getsInOurWay

The Problem with Being Right

Posted on Posted in Leading, Sales and Influence, We=All Who Matter
Reading time: 2 min.

Here’s something that gets in our way. We frequently think that, if only we detail things enough, explain it all just so, show them the data and the logic, or add enough energy and excitement to it then they will see, agree, and act. We want to be nice about it, of course. But, secretly, we think,”I am right and you need to hear it, believe it, and behave as I think your should.” And frequently our need to be right is bound up somehow with our value, identity, or worth. (That’s why being right is such a strong, enduring habit.)

Harsh? Yes, for all involved.

You see, no one wants to be told. Will they seek advice? Sure. Will they follow the leaders’ commands? In short bursts when it makes sense. But telling them what to think, believe, or do only generates resistance.

The good news (there’s always good news): we don’t need to be right and we can get great outcomes without all the resistance. To lead, influence, or sell, enter a dialogue. Ask questions. Let the other person’s genius show up. Listen first and long. Allow yourself to pause, to be wise. Navigate by curiosity. Be willing to be changed.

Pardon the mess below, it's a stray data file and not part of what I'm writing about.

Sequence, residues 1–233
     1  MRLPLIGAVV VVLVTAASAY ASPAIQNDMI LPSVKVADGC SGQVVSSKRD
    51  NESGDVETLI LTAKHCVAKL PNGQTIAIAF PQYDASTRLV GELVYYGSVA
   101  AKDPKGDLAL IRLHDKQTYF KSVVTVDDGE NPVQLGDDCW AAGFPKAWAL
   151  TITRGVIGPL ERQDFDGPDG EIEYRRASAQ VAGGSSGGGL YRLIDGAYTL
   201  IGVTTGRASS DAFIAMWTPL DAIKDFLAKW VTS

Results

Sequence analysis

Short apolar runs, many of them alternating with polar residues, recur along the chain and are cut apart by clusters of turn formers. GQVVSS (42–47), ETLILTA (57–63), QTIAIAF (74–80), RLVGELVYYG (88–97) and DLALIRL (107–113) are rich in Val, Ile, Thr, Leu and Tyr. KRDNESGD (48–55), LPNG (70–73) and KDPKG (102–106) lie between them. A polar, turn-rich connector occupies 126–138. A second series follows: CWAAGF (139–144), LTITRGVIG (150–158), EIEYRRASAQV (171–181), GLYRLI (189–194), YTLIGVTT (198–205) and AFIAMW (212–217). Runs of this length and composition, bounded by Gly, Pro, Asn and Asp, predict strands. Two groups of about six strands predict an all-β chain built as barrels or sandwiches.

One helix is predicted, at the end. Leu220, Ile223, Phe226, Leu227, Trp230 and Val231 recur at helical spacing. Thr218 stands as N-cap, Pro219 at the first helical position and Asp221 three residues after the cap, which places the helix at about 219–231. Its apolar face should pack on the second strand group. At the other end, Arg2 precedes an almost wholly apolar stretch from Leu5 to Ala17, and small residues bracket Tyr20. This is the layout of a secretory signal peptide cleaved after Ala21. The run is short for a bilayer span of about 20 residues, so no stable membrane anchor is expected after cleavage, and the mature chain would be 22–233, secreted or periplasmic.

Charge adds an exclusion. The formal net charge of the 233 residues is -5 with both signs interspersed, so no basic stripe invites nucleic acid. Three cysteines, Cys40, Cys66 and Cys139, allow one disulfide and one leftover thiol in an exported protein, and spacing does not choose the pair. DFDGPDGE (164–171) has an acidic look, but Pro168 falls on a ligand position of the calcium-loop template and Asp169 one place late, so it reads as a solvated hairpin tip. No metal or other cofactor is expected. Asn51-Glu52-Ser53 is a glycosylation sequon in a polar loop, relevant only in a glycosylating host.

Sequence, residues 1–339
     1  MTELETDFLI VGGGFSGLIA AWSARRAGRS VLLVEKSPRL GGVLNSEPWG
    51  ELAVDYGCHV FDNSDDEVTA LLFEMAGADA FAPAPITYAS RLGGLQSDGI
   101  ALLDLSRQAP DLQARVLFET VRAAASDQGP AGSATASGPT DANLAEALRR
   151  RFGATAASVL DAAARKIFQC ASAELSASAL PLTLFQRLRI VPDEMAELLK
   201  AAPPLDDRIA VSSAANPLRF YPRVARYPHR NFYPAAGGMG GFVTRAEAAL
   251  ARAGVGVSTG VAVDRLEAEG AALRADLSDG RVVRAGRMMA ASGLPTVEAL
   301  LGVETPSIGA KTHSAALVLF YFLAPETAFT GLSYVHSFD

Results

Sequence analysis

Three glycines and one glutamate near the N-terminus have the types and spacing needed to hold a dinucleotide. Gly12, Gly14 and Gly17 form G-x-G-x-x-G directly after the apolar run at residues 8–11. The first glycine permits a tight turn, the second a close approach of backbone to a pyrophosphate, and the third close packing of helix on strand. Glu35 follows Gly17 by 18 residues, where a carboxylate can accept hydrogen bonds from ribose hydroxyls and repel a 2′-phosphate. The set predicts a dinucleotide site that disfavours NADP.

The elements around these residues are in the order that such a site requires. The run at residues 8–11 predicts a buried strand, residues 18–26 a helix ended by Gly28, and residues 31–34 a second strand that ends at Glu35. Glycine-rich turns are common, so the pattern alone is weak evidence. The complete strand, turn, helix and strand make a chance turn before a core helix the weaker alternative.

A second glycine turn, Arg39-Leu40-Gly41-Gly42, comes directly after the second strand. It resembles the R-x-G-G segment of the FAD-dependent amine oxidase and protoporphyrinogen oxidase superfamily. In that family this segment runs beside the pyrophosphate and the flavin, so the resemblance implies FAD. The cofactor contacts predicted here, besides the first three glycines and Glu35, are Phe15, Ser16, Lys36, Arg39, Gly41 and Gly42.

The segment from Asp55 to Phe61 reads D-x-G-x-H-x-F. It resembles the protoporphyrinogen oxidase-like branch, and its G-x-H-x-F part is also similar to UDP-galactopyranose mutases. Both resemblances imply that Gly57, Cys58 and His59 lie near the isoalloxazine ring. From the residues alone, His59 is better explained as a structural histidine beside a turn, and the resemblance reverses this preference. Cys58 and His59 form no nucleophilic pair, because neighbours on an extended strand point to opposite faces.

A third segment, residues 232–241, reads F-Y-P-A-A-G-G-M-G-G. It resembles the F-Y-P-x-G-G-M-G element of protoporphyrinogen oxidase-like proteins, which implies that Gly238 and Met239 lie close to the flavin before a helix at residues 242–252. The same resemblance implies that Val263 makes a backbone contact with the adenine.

So much easier.

 

In your corner,

Mike

PS: Sometimes we think, “I am not right; they won’t listen; nothing will change here.” This happens whenever we have run into that resistance so much that we give up. Of course, dialogue, questions, allowing genius, and willingness are the cure for this state, too.

 

Today’s photo credit: Icky Pic via photopin cc;

2 thoughts on “The Problem with Being Right

  1. So timely. I have a challenge getting past having to be right when I present ideas. I’ve been thinking about this one a lot, and I recognize my pattern in your post.

    1. Hey David,

      One good thing is that you are not alone. We all have inherited this tendency. A lot of it comes down to us thinking that we are, in some fashion, our ideas. It’s not too hard to see that this is silly. And our work is to catch ourselves, see ourselves as something much bigger than our ideas, and start to engage with curiosity and anticipation of amazing results.

      Yours,

      Mike

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